The activity of transposable elements occurs through the action of specific proteins which recognize the ends of the element. If these proteins are not present, the element remains passive. When the transposition proteins are provided, the ends of the element are activated and invade different target sites, leading to transposition and other DNA re-arrangements. Thus, the nature and frequency of DNA re-arrangements in a cell can be controlled by regulating the activity of transposition proteins. Regulation of transposition would be fundamentally important for cells that have potentially active transposable genetic elements.
One protein that is absolutely necessary for transposition has been given the generic name "transposase". Highly active transposable elements, such as Mu, also use other specialized proteins that amplify the transposition process. The transposition proteins apparently bind to the ends of the element, and presumably to other proteins. This binding culminates in cleavage of DNA chains at the exact junction of the element and host DNA. In most prokaryotic transposable elements stuided so far, the end sequences are invertedly repeated, i.e. the same sequences are found in a reverse order at the left end and the right end. Bacteriophage Mu, although the most efficient transposon known, is an exception to this rule. Its two ends are not direct repeats of each other. In most other transposable elements, the inverted repeats are generally not perfect. For example, IS5, an insertion element found in Escherichia coli, has 16 base pairs of inverted repeats at the ends with one mismatch.
One approach to studying the mechanism of "end activation" by the transposase and other proteins is to synthesize specific polynucleotides and study their behaviour in vivo and in vitro. These polynucleotides, corresponding to the ends of the element to be studied, can be changed in a site-specific fashion. These studies then can help determine the features of the ends important to the transposition reaction.
A useful product would be the development of specialized transposons, using synthetic ends as "transposable linkers". These synthetic transposons could be useful tools in genetic engineering. For example, it should be possible to insert a cloned gene into any region of the host chromosome. The synthetic ends can be designed in a fashion that the inserted gene comes under the control of the host gene into which it is inserted.
This invention is concerned with DNA transposable linkers comprising a left attachment site and a right attachment site suitable for the insertion of foreign DNA into a chromosome. DNA sequences may comprise such transposable linkers. Such transposable linkers are recognized and employed by transposition proteins, such as transposases, to insert, delete or move genetic information in the genetic architecture of an organism but do not, of themselves, code for a complete set of transposition proteins. The DNA sequence may comprise, in the following order, (a) a left attachment site, (b) a gene sequence coding for a desired non-bacteriophage protein, and (c) a right attachment site. The DNA sequence may be preceded by at least one restriction endonuclease recognition site and be followed by at least one restriction endonuclease site. The DNA sequence further may have at least one restriction endonuclease recognition site, different from restriction endonuclease recognition sites that may precede and follow the attachment sites, positioned between the two attachment sites.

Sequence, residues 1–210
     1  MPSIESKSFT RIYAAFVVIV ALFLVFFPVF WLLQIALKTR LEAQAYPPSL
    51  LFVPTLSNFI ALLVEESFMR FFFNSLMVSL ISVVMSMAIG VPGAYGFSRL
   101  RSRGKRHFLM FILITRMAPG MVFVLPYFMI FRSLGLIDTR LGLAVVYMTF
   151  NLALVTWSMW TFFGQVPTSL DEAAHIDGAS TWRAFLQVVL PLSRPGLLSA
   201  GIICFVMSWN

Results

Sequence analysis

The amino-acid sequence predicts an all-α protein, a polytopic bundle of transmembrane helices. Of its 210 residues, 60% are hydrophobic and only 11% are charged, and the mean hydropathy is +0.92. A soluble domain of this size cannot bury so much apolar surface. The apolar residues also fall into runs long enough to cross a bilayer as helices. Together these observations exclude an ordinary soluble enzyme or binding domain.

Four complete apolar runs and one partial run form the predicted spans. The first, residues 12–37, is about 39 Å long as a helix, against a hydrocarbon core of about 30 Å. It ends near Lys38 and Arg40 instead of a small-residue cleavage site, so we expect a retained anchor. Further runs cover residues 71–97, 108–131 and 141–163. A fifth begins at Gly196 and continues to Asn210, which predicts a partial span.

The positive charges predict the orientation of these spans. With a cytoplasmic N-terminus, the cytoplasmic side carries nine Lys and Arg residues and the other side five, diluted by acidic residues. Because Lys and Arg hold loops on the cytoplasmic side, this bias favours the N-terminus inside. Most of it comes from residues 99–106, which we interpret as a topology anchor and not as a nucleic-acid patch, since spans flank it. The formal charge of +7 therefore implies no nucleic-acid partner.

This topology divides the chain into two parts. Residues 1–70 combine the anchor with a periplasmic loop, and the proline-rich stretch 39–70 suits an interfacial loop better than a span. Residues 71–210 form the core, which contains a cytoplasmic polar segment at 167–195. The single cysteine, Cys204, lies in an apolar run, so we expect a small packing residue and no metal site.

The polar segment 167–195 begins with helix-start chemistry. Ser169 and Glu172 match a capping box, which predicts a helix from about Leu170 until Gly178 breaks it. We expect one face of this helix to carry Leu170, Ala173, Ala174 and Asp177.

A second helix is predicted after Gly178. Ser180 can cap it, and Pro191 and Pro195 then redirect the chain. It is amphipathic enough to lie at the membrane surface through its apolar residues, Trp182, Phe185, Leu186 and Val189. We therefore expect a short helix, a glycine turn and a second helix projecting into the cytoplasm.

The DNA sequence may possess two restriction endonuclease recognition sites, recognized by the same restriction endonuclease and different from restriction endonuclease recognition sites that may be present elsewhere in the DNA sequence, placed at each end of a gene sequence, and positioned, with the gene sequence, between two attachment sites. The gene sequence may include a promoter and may be selected from such genes as human insulin, human proinsulin, somatostatin, animal growth hormone, and interferon. A method of constructing such a DNA sequence, including a gene sequence between the attachment sites, comprises (a) subjecting a DNA sequence, containing at least one restriction endonuclease recognition site positioned between the two attachment sites, to such a restriction endonuclease to open up the DNA sequence, and (b) ligating a DNA sequence comprising at least a gene sequence and a restriction endonuclease recognition site, recognized by the restriction endonuclease employed in step (a), into the product of step (a) to produce such a DNA sequence incorporating a gene sequence and two restriction endonuclease recognition sites between the attachment sites.
The above-mentioned DNA sequences may be incorporated into cloning vehicles and such a cloning vehicle may contain at least one gene sequence coding for a desired protein. The DNA sequence may be incorporated into a cloning vehicle, said cloning vehicle containing at least one gene sequence coding for a desired protein wherein said gene sequence may be the same as the gene sequence contained within the DNA sequence.
These DNA sequences may be incorporated into a chromosome and may also be incorporated into a non-human organism cell.